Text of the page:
Interior with Restful Paintings
Date 1991
Medium Oil and Magna (acrylic) on canvas
Dimensions 300.5 x 292.4 x 6.5 cm
Inventory ID UID 102-337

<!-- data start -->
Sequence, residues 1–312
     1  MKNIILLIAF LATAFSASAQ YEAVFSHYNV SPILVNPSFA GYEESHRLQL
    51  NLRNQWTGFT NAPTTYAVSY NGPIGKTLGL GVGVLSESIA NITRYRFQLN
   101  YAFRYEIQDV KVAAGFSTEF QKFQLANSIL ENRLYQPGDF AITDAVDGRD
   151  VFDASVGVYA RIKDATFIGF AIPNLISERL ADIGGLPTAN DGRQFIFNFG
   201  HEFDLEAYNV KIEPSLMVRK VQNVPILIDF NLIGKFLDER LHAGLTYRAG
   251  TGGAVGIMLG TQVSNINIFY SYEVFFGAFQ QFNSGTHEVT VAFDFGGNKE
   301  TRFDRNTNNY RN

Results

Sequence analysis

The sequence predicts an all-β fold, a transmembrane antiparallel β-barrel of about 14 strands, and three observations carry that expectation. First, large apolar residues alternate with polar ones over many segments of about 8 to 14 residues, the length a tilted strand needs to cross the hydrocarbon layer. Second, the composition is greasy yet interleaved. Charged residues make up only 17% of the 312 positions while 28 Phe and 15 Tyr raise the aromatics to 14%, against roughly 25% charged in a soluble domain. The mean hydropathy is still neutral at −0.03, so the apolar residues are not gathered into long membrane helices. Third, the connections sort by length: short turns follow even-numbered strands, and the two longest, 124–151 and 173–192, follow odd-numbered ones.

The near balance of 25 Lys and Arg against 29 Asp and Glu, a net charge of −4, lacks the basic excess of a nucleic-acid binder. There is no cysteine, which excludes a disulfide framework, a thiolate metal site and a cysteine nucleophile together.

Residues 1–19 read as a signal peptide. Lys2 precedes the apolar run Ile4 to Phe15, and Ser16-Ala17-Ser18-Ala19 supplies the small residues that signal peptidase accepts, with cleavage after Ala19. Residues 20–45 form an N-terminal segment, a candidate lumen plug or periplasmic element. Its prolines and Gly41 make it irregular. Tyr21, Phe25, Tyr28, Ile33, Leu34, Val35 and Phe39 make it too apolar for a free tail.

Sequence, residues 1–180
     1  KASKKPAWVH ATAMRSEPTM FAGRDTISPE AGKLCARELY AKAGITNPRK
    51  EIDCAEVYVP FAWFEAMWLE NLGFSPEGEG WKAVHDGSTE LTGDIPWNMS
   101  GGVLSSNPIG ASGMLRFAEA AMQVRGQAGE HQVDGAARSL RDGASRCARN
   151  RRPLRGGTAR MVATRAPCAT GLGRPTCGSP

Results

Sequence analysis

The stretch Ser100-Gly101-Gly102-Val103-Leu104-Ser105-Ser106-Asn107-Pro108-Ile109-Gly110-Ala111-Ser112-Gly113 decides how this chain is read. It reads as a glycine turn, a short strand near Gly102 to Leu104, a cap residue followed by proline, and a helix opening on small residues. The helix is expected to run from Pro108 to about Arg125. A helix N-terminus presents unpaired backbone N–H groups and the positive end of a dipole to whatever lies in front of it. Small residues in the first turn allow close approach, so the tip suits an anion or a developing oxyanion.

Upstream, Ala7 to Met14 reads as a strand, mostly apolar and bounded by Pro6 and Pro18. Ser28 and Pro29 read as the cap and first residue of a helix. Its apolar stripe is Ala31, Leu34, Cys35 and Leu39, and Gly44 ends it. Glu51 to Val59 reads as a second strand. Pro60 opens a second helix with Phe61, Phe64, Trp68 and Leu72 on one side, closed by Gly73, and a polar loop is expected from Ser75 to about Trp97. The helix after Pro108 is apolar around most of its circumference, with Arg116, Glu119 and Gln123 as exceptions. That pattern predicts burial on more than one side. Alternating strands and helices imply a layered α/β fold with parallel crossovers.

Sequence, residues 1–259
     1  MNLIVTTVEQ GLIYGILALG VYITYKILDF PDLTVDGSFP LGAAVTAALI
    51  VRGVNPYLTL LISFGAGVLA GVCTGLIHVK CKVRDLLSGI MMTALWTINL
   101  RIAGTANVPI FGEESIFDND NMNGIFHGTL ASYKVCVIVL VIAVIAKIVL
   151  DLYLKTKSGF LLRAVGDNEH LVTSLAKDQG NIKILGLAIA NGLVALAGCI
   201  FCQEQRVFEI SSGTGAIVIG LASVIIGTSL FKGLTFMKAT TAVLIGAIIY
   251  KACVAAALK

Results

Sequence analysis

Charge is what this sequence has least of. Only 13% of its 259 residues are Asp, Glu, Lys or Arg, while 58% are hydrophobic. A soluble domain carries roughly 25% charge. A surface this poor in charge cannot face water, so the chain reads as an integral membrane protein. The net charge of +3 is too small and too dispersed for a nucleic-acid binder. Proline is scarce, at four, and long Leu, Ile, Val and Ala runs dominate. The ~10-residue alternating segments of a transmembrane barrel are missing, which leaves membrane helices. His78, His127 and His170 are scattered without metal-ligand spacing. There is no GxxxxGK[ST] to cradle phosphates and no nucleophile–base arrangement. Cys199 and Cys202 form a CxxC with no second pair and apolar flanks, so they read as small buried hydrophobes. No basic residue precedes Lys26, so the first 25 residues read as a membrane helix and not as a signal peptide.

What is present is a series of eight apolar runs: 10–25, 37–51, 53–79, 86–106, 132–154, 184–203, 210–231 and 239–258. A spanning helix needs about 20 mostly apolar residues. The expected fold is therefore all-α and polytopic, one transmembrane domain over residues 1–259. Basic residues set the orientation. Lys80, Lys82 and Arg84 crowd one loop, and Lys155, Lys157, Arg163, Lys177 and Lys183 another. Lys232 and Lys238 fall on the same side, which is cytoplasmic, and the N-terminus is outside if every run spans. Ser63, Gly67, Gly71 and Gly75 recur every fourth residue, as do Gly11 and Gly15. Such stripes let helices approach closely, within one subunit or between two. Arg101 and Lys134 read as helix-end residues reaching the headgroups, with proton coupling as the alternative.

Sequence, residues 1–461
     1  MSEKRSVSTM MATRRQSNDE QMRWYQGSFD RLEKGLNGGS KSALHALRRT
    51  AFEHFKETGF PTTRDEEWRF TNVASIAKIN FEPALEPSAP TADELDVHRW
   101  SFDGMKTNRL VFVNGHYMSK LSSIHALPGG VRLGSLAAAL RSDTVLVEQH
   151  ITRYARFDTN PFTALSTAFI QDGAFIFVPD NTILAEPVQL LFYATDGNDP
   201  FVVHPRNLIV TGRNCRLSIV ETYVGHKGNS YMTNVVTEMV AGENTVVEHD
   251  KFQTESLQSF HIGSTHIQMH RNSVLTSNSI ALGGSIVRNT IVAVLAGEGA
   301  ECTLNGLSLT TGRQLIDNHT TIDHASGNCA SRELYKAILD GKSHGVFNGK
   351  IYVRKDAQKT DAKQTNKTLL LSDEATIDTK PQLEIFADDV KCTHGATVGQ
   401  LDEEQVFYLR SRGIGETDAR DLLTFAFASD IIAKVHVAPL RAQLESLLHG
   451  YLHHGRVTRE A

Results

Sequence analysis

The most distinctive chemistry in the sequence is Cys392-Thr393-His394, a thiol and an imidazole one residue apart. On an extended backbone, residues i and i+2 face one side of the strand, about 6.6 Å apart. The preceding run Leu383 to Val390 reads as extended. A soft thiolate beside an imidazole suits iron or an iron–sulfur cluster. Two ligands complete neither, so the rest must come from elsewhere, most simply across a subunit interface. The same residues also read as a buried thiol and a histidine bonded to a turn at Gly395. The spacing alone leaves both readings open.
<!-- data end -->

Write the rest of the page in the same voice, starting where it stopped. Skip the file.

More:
Roy Lichtenstein began to use images of Mickey Mouse, Donald Duck and Bugs Bunny in his paintings starting in 1957. In 1961 he extended this ‘borrowing’ to other images from American popular culture: golf balls, kitchen curtains, slices of pie, hot dogs and all manner of comic strips. In 1962 he exhibited at the Leo Castelli Gallery. Max Kozloff, in his significant article ‘“Pop” Culture, Metaphysical Disgust, and the New Vulgarians’, was the first to compare Dine, Oldenburg, Rosenquist and Lichtenstein. Lichtenstein also reworked images of modern art from Picasso to Mondrian, by way of Claude Monet. In 1969 a retrospective was dedicated to him at the Guggenheim Museum. His next three decades would also be marked by experimentation with new forms, such as the ‘mirror paintings’, circles or ovals with colours and a clever system of point interweaving. The Berardo Collection includes a Mirror from 1971. The great Interior is part of the ‘Interiors, Late’ series, paintings in a large format whose titles allude to the works of art placed within the painting, hung above a bed or, as here, above a sofa in a salon. This series was the focus of an exhibition in 1992 at the Leo Castelli Gallery in New York. In his final years, Lichtenstein created numerous monumental works for public spaces. J-FC